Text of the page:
STORRS, Conn. — After squandering a two-goal lead against Massachusetts Tuesday evening in the opening game of the Toyota UConn Hockey Classic, the Union Dutchman made sure their second game didn’t turn into a Groundhog Day mini-marathon.
Union led 3-1 at the end of two periods Tuesday, but lost in heartbreaking fashion to UMass 4-3. Wednesday, they possessed a 2-0 lead over host UConn after one period, and pushed that advantage 4-0 after two periods, ensuring a split of their tournament games at the Mark Edward Freitas Ice Forum with a 7-0 win over the Huskies.
“Obviously, we felt that we let ourselves down a little bit yesterday, we let our league down a little bit,” Union coach Nate Leaman said. “It’s a big non-conference game for the power ranking not only for ourselves but for the league. It wasn’t easy to turn around after losing a game in third period like that, but I was happy with the was the guys played.”
The Dutchmen (9-4-5) wasted little time burying the game’s first goal. The defensive pair of Greg Coburn and Mike Wakita gave Union a 1-0 lead at 2:36. Coburn took the puck at the left point and shuffled it to Wakita, who ripped a shot from the right point for his first score of the season.
Union’s size and speed advantage was apparent early on, as they were able to maintain long possessions in Connecticut’s zone and keep the Huskies from mounting any sort of sustained pressure.
Huskies’ forward Evan Carriere was bumped by Union’s Brian Yanovitch near mid-ice, drawing an interference call to give the Huskies a power play chance at 7:12. The Dutchmen’s penalty kill squad muzzled the Huskies’ attack, as UConn failed to record a shot on goal during the man advantage.
Conversely, it took the Dutchmen just 50 seconds to strike on their first power play opportunity later in the period.
After Tom Janosz was whistled from tripping at 14:54, Adam Presizniuk launched shot from near the right point that appeared to deflect off a skater and in the process catch Huskies’ goalie Brad McInnis off guard, trickling through his legs to give Union a 2-0 lead. Mike Schreiber and Jason Walters were credited with assists on the play. With a two-goal lead, the Dutchmen kept looking for more.
“Guys were saying [let's get another one],” Leaman said. “That’s when as a coach you know that they are getting the right message and they really care, because I didn’t say much on the bench, and didn’t say much between periods.”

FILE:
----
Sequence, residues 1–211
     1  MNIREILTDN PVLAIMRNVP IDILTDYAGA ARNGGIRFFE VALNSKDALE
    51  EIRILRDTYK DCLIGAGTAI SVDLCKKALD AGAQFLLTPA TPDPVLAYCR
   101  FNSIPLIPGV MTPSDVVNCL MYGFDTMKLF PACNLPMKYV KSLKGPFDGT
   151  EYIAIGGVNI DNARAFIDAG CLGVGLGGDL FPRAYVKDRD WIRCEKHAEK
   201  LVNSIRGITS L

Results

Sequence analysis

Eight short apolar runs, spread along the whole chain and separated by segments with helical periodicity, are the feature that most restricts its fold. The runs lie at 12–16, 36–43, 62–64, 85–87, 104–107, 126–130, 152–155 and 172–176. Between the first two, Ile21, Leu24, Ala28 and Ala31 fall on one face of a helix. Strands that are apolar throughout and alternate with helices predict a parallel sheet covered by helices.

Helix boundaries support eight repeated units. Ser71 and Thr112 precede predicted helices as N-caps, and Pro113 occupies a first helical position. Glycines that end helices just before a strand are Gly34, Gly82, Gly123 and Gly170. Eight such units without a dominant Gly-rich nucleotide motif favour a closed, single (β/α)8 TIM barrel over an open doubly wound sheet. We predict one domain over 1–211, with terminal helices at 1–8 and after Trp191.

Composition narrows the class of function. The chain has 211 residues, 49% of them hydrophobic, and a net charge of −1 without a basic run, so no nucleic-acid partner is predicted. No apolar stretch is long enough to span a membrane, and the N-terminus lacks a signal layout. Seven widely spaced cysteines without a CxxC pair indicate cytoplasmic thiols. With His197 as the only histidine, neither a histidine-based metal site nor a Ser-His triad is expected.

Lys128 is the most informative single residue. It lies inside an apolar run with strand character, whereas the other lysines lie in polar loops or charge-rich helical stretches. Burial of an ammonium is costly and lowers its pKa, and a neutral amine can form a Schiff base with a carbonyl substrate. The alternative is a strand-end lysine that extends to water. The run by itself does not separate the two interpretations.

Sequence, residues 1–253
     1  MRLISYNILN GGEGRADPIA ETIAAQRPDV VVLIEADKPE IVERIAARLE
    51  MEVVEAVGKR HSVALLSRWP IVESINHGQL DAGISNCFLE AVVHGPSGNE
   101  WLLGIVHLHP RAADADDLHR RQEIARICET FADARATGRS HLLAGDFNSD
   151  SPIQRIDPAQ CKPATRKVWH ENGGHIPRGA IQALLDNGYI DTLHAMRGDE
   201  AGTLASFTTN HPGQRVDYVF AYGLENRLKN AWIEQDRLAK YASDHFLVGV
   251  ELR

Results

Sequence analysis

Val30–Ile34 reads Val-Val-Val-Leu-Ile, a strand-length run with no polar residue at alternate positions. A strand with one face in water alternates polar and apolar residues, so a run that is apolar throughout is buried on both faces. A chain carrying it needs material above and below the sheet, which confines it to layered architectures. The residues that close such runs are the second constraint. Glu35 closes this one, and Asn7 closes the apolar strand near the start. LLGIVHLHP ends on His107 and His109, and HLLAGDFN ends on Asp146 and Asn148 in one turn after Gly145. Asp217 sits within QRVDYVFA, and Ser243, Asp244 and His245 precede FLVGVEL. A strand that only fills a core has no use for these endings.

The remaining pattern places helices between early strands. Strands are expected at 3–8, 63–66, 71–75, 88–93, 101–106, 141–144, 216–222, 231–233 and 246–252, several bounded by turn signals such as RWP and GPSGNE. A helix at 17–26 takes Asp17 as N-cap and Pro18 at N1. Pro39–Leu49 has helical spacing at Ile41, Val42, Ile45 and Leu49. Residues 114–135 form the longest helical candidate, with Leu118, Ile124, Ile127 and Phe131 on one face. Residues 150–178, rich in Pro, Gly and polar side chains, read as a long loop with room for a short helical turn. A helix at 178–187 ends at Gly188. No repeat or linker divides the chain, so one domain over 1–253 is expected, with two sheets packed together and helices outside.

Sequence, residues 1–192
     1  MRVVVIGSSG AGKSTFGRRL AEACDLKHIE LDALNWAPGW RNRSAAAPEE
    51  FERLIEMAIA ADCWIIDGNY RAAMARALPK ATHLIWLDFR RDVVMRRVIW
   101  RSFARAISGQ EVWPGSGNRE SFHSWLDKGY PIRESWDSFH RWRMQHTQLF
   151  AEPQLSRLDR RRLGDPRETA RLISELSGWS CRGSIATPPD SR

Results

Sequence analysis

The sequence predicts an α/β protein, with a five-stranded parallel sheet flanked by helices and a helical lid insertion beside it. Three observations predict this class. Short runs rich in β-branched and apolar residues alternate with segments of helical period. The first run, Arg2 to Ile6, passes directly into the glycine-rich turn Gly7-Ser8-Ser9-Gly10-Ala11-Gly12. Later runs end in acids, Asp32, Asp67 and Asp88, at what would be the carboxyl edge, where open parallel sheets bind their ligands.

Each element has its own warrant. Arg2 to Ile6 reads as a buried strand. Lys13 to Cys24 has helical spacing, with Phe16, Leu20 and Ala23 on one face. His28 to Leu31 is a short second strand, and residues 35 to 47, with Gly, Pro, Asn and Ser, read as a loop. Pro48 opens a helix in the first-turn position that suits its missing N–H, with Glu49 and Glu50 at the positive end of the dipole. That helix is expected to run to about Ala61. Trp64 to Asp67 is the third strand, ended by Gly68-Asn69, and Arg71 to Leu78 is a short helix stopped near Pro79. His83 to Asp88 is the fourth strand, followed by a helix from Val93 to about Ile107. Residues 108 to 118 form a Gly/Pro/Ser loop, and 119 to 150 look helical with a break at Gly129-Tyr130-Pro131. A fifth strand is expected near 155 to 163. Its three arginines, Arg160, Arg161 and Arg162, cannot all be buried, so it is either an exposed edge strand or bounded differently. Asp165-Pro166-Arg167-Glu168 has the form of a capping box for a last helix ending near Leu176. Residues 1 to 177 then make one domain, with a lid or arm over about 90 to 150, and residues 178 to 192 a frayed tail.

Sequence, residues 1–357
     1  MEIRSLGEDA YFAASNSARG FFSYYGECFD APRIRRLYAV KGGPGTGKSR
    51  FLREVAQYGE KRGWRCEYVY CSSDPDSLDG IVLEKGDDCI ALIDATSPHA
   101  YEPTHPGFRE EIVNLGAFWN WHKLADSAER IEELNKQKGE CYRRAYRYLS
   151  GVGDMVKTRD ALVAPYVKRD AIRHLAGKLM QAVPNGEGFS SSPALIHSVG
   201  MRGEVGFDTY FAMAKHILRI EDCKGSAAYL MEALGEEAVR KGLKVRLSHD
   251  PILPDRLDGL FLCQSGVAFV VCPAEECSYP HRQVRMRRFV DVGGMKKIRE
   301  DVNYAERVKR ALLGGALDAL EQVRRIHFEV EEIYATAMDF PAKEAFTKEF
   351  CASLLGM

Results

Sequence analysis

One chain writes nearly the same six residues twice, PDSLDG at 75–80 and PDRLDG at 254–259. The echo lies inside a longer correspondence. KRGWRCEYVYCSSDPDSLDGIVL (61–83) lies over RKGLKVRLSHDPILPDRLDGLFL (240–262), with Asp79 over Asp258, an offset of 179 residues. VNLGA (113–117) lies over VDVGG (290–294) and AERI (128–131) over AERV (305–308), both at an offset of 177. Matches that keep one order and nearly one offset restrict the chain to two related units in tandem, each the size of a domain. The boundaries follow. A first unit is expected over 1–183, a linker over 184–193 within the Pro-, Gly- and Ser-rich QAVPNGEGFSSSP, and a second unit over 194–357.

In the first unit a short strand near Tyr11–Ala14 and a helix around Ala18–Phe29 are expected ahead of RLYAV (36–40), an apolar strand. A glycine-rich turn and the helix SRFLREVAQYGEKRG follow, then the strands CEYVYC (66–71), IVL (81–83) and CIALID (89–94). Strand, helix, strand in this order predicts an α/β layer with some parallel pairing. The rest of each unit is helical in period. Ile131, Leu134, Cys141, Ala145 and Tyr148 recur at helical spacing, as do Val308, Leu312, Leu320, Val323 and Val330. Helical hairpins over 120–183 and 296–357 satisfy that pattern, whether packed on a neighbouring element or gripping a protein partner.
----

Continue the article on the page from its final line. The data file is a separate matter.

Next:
Walters, one of the players Leaman credited with stepping up and helping the team recover from their loss to UMass, agreed.
“Last night, blowing that two-goal lead going into the third, if we want to be the team we want to be, we can’t let that happen,” Walters said. “Let’s keep going at them because one bounce and its a 2-1 hockey game.”.
The Dutchmen outshot UConn 17-6 in the first period and went straight to the attack again in the second, as Stephane Boileau beat McInnis for a 3-0 lead at 2:21.
They added a fourth goal to put the game out of reach later in the period when Kyle Bodie glided up the left wing and unleashed a shot that bounced off the pad of McInnis, right out to a waiting Walters, who tapped it in for a 4-0 lead.
Union capped off the scoring with three third-period goals. McInnis finished with 38 saves, while Union’s Corey Milan was relatively untested, turning away all 14 shots he faced. It was the 100th career win at Union for Leaman, who is in the middle of his seventh season as head coach.
Having ended their stint in the tournament with an even split, the Dutchmen will now look to keep up their first half success as they reach the middle portion of their schedule. For Connecticut (2-14-2), it wasn’t the start to the second half that head coach Bruce Marshall envisioned.
“It gives us a lot to think about and gives us a lot of work to do,” he said. “Everything is a learning experience for your team and hopefully you take something out of it that will help you somewhere down the road.”